I’d largely resigned myself to not getting past a blue belt, because frankly, I don’t do competitions anymore. I can’t say exactly when I stopped, but it was probably when I suffered my last significant injury, which was a major tear to my adductor longus. That left me unable to walk for a number of weeks, unable to run for months, and took me probably the better part of a year before I stopped feeling the twinge in my leg at certain angles.

After that… I guess I just stopped wondering if it was all worth it. It was a major turning point for me, who has been doing martial arts since I was in my teens.

Even now, I still train, and I daresay that I train with some pretty good intensity. But I just don’t feel like competing. I don’t know if it’s because I’m scared, but I do know that one general thought is that I don’t think, in my circumstances, that it’s worth it anymore for me to compete. Wanting it that much leads to injuries that set me back in other areas of life.

And so ever since I tore that leg muscle, even after my recovery, I haven’t done any official external tournaments in Australia. I’ve done a few unofficial ones here and there, and I still do the in-house randori to a sometimes competition level of intensity, but on the official record, I

I’ve had a few other students reassure me that under the rules, my promotion after completing the exam, points or not, is normal, because under the current rules there are various interpretations that say that you basically don’t need official external competitions to qualify.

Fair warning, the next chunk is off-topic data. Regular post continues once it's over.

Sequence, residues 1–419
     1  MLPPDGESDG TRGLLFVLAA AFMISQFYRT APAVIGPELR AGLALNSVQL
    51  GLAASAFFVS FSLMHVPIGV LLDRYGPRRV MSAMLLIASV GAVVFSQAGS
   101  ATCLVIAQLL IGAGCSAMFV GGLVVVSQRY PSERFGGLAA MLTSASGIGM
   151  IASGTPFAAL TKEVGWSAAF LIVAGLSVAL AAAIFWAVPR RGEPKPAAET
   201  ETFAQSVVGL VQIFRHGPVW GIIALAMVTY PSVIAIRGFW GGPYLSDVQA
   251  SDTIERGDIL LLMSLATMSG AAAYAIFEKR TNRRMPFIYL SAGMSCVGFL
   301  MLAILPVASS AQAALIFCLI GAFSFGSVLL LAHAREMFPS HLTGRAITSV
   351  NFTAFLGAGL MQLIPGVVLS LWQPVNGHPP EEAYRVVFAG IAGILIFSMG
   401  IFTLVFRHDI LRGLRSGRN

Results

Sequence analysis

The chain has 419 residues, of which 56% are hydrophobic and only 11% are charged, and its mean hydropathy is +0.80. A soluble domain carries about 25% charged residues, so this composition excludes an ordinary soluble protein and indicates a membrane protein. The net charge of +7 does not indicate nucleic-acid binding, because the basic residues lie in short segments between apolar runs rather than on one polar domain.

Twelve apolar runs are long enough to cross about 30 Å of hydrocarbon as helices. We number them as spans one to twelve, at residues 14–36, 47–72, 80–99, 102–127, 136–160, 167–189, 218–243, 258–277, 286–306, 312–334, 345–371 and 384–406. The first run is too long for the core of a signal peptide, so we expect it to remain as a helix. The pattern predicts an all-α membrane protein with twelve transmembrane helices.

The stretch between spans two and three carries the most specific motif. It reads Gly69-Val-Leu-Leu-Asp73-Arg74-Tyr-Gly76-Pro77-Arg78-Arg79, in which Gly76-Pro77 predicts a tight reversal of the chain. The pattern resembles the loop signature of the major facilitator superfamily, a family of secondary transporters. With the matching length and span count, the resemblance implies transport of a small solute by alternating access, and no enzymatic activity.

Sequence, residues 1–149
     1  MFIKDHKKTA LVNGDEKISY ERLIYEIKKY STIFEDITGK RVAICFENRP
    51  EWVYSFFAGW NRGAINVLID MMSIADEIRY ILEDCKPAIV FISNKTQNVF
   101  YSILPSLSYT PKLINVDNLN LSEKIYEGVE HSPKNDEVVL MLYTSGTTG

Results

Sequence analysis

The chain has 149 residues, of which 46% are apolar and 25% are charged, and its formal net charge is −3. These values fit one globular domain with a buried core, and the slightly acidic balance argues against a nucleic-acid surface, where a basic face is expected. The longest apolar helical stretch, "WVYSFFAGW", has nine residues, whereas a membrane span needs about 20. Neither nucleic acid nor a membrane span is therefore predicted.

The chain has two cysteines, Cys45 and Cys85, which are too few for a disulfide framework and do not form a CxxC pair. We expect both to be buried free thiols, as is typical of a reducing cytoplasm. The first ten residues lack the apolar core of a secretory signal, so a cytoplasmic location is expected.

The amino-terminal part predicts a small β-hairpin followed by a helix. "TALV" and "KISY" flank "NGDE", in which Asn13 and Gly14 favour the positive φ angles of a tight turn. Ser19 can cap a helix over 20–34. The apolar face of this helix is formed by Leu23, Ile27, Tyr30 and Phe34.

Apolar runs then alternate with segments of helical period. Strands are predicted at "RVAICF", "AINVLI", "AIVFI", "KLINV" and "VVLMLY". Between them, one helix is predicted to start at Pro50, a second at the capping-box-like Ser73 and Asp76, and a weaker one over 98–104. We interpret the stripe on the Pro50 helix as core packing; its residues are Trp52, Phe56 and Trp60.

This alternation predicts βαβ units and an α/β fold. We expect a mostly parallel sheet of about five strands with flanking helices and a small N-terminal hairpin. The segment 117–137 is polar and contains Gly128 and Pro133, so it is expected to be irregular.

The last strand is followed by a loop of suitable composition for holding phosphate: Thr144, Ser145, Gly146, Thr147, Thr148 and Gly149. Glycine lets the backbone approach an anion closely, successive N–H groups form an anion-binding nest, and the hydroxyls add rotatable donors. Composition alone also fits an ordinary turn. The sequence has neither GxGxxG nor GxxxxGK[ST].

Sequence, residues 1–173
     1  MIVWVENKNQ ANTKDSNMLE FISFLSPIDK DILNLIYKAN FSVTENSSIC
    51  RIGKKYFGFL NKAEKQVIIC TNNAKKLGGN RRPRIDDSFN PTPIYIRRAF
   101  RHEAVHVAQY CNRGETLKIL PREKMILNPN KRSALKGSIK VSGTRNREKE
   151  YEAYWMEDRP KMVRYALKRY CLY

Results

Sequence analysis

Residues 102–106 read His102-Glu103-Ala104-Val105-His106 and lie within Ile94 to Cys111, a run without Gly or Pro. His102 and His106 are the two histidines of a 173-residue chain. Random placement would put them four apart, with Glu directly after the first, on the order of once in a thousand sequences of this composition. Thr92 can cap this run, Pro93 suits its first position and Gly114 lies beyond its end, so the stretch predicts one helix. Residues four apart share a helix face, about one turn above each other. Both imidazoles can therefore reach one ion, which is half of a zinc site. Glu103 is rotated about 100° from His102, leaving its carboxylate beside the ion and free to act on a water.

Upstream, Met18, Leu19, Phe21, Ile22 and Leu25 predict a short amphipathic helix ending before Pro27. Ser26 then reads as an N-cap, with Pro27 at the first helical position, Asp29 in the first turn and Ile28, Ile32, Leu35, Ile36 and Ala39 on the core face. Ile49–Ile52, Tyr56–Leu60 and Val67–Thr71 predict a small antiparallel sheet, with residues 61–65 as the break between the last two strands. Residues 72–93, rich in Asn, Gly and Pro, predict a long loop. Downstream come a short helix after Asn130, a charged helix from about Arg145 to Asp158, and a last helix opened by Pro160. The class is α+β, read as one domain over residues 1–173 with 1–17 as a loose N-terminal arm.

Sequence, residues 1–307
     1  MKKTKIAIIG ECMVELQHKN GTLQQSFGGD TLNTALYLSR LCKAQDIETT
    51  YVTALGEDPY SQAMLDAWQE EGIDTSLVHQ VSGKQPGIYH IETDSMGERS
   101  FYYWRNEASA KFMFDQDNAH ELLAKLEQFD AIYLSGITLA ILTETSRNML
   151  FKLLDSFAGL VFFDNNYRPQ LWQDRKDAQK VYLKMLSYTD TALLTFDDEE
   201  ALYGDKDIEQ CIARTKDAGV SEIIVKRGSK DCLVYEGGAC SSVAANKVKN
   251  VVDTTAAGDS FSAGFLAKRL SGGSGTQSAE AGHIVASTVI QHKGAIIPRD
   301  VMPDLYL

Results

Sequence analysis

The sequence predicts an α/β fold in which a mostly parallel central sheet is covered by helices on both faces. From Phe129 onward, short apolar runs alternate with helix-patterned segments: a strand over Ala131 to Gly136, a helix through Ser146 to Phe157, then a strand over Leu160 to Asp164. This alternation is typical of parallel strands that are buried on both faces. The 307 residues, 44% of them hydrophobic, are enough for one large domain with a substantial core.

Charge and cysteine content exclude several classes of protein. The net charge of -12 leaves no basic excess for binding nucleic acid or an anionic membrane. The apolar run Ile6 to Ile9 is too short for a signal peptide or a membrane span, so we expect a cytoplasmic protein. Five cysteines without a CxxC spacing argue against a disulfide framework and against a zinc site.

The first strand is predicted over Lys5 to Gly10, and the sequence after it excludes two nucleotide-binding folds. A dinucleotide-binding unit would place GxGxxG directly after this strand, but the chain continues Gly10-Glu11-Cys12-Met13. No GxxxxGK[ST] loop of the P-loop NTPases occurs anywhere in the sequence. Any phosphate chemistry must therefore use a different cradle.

On the other hand, one other instructor is not very pleased with the fact that I don’t have sufficient points. It makes me uncomfortable that there’s divided opinions about my qualifications to have obtained this belt.

If I were to count the reasons why it’s probably appropriate, it’s because the instructor who examined me knows his judo. He’s a high ranking member in the international community, so if he pushes for me to do it, who am I to refused?

To be honest, I never really asked to be graded… it was that instructor, who holds the highest dan grading in the school, who basically told me that I had to before the end of the year.

My fellow practitioners so far have been quite supportive of me, but it is weighing on me that the instructor who seems to disapprove is not happy. I care about what he thinks, because he spent a fair amount of time teaching me–  he accounts for probably almost half of the way my judo grappling style has come into being.


Life as an adult

I’m not sure where it happened exactly, but for some reason I’m now in a category of people called “adults”.

I know that when I was younger, so much of my time was spent trying to get adults to take me seriously– and now, I hang around paralegals or I teach law students on a daily basis who are more than a decade younger than me. I do judo with people who are a little over half my age.


I don’t know when the transition just happened– it really kind of snuck up on me, I think over the past two years.


I don’t know if everyone gets this feeling at some point. I wouldn’t say it’s a bad one– it’s just different, and it takes getting used to. Sort of like how I don’t ride a bicycle so much anymore– I mean, I still do, maybe once every couple of weeks as an alternative to the train. But it’s not that daily 20km trek because I wanted to save money. Now, I commute on public transit. When [CM] goes to work, she drives, or sometimes I drive her.

Yes, I drive now. I’ve driven for a bit over two years now.


When I was in Canada a few months back, it was because I went to visit my dad, who I found out, he had cancer. Treatments have been good, and it looks like the got it all– which is a relief. But I wonder and worry sometimes if he’s bored in retirement, if him and mom are getting along well enough… all that sort of stuff. Adult worries.

Maybe that’s been the thing that set this whole “adult” thought in my head. My grandfather passed away less than a year ago. The last time I saw him was when I was in Canada for my wedding.